Until recently, Spain had a very general self-consumption policy framework that applied to both grid-connected and off-grid systems. This month though, Spain's Council of Ministers approved a new self-consumption law that has set the country's solar advocates up in arms with the government.
The main problem with the new law, say solar advocates, is that it taxes self-consumption PV installations even for the electricity they produce for their own use and don’t feed into the grid. Spain's PV sector calls the new law a 'sun tax.’
According to Spain’s Photovoltaic Union (UNEF), the new law requires self-consumption PV system owners to pay the same grid fees that all electricity consumers in Spain pay, plus a so-called 'sun tax'. Specifically, said UNEF, a self-consumption PV owner "will pay a 'sun tax' for the whole power [capacity] installed (the power that you contracted to your electricity company, plus the power from your PV installation) and also another [second] 'sun tax' for the electricity that you generate and self-consume from your own PV installation (this applies to installations larger than 10 kW)."
Installations smaller than 10 kW and all installations in the Canary Islands and the cities of Ceuta and Melilla (these are Spanish territories in Africa) will be exempted from the second 'solar tax.' Furthermore, installations with co-generation will be exempted of the second 'sun tax' until 2020 and the Balearic islands of Mallorca and Minorca will pay a reduced price. Off-grid installations will obviously not pay any grid tax whatsoever.
The new law also prohibits PV systems up to 100 kW from selling electricity. Instead, their owners are required to donate the extra electricity to the grid for free. Systems over 100 kW must register in order to sell electricity in the spot market for the excess power they generate. Limitations do not end at this point though. Thus, for PV systems up to 100 kW the owner of the installation must be the owner of the contract with the electricity company, while community ownership is prohibited altogether for all sizes of self-consumption systems.
Finally, the law is retroactive meaning that all existing self-consumption PV installations need to comply with the new regulations otherwise face an astronomically high penalty fee up to €60 million. This sanction, UNEF notes, is double the fine set for radioactive leaks from nuclear plants.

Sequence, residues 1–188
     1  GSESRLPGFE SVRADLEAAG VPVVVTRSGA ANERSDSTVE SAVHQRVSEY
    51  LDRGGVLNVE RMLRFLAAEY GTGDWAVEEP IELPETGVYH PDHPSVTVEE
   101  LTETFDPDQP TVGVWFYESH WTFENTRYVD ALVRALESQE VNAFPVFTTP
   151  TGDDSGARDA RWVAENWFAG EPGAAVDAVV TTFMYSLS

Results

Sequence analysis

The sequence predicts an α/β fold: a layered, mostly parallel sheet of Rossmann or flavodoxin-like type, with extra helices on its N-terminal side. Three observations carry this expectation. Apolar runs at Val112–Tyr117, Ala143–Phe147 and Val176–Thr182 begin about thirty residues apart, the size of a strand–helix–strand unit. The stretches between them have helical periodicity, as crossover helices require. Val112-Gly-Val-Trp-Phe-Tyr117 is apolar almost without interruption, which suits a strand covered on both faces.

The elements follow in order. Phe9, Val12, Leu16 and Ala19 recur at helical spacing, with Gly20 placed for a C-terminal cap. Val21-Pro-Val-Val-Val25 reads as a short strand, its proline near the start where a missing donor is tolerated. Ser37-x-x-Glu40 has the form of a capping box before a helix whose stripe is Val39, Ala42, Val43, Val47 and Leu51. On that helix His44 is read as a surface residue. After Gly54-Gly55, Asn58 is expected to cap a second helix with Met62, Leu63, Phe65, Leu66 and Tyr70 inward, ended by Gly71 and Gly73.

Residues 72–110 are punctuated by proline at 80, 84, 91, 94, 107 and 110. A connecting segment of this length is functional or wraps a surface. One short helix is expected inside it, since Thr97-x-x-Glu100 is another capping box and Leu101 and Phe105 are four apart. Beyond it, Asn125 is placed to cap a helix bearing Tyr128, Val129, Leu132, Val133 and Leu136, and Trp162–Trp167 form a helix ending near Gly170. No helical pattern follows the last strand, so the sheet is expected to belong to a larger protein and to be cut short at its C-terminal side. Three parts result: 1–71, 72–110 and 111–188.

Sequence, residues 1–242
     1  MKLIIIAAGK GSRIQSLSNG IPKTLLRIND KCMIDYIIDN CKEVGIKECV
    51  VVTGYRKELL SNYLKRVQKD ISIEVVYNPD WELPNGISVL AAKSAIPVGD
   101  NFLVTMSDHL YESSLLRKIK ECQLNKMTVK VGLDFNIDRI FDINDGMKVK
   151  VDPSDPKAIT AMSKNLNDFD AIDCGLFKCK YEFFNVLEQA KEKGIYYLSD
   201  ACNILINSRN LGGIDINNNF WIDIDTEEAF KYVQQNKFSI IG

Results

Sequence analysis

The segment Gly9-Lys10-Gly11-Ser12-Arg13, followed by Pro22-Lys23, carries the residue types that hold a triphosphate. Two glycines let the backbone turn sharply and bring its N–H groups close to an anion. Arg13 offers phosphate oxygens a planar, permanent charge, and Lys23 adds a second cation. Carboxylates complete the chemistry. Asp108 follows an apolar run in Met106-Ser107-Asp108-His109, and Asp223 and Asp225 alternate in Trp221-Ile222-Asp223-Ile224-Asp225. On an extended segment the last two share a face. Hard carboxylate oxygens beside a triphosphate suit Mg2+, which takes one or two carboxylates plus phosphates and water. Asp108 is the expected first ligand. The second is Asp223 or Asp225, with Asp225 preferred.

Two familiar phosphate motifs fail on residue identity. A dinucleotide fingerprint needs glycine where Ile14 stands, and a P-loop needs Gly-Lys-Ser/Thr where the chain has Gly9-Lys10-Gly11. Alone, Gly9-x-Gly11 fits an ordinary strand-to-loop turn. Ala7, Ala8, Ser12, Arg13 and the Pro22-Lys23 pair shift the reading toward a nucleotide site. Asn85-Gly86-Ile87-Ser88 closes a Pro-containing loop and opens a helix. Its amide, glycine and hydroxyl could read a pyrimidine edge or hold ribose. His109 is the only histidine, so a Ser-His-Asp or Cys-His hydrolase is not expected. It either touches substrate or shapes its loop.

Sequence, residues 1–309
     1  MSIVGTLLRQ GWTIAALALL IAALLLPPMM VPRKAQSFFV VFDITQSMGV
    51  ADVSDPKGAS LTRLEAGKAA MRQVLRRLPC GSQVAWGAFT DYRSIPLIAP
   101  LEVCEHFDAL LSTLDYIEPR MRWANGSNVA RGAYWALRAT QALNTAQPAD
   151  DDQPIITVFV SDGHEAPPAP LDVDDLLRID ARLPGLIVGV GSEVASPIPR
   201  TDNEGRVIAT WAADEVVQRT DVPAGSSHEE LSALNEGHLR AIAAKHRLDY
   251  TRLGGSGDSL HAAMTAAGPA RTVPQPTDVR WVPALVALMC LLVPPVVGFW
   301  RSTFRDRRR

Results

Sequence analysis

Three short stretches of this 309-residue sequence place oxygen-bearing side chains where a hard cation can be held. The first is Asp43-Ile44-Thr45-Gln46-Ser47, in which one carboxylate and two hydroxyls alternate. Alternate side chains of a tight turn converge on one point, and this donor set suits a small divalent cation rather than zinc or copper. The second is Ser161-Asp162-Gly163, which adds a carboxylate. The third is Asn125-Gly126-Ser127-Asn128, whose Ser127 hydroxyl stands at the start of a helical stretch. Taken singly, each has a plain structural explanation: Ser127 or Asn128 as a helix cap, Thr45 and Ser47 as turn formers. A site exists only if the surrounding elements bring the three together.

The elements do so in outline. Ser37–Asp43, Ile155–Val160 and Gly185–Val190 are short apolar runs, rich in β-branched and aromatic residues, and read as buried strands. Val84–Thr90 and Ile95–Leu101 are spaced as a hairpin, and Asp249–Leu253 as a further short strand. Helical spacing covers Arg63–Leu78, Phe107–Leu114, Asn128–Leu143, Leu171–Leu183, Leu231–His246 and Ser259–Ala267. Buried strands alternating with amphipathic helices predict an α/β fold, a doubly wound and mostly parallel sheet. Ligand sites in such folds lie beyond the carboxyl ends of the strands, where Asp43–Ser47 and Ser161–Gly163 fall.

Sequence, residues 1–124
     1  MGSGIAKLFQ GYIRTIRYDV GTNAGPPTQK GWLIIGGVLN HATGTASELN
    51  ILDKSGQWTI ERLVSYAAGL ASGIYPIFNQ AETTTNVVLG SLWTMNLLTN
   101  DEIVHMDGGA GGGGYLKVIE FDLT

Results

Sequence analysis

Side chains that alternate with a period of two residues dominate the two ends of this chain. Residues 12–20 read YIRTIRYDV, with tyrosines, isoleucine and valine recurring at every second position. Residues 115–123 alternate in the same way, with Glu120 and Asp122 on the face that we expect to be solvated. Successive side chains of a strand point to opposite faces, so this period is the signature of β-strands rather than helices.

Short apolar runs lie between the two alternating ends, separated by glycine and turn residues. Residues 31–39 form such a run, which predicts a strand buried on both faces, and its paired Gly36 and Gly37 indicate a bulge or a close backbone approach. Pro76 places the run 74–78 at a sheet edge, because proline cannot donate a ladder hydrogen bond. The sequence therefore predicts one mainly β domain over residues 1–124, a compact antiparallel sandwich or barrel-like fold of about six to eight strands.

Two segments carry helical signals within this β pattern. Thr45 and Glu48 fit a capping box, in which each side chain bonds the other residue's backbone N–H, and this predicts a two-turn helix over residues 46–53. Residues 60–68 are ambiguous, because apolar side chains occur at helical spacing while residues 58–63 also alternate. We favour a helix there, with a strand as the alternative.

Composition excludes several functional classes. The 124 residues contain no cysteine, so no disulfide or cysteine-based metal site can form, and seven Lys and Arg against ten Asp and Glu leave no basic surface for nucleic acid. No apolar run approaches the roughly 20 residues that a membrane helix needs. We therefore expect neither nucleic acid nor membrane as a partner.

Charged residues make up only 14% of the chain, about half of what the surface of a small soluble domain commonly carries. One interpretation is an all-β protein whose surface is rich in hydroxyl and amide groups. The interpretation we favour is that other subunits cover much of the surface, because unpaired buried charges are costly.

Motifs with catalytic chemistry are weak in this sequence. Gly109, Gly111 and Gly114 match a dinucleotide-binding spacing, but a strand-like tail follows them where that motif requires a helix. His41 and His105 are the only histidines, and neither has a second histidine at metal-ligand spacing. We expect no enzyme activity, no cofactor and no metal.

The Islands' Paradox
Regarding Spain's non-mainland territories, the new law makes even less sense, argues UNEF, since the cost of electricity supply is particularly high (about €184 per MWh in the Canaries and €139 per MWh in the Balearics), adding €1.8 billion to the Spanish consumers' total electricity bill. On the contrary, UNEF adds, self-consumption systems have costs below €100 per MWh and are an ideal solution for island territories where self-supply generation, at the point of consumption, is more economical than power transmission from the peninsula.
What Went Wrong?
Overall, UNEF says, "each kWh imported from the grid by a self-consumer will pay double tolls compared to a kWh imported from the grid by another consumer." The new law, it adds, makes it uneconomic for households and businesses to install PV with the latter endangered to loose in competitiveness too.
The government says the law does not impose taxes but that the fees are a contribution to overall system costs. Indeed, in other regions where self-consumption (and elsewhere net-metering) systems are in place, policies allow for some grid-connection fees that cover the usage of the network by the self-consumption installations. In practice, self-consumption installations use the grid as a battery and it makes sense that they should pay for it. However, this is not the Spanish case. Nowhere in the world are self-consumers taxed for the electricity generated for own usage. It makes sense to apply a small fee to the electricity exported in the network, but customers shouldn’t have to pay taxes for the self-generated electricity to be consumed on site, say Spain’s solar advocates.
Renewable Energy World ran an analysis on the Spanish government’s attitude against solar in July, expanding on the fallacies of Spain's energy policy. This week’s announcement is another indication that the Spanish government is in favor of a centralized energy system, which is a reflection of the past.
“It is clear the energy policy of the conservative party currently ruling the country does not want to encourage distributed generation, net metering or self-consumption schemes," José Donoso, UNEF’s general director, said. "The Spanish government clearly supports the energy model of the last century where few, very powerful utilities dominate the electricity market. It does not want more actors participating in the electricity market."